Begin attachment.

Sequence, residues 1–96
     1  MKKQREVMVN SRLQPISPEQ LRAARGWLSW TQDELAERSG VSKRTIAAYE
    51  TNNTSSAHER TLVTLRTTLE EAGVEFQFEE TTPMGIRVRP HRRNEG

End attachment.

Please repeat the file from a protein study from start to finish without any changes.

Sequence, residues 1–96
     1  MKKQREVMVN SRLQPISPEQ LRAARGWLSW TQDELAERSG VSKRTIAAYE
    51  TNNTSSAHER TLVTLRTTLE EAGVEFQFEE TTPMGIRVRP HRRNEG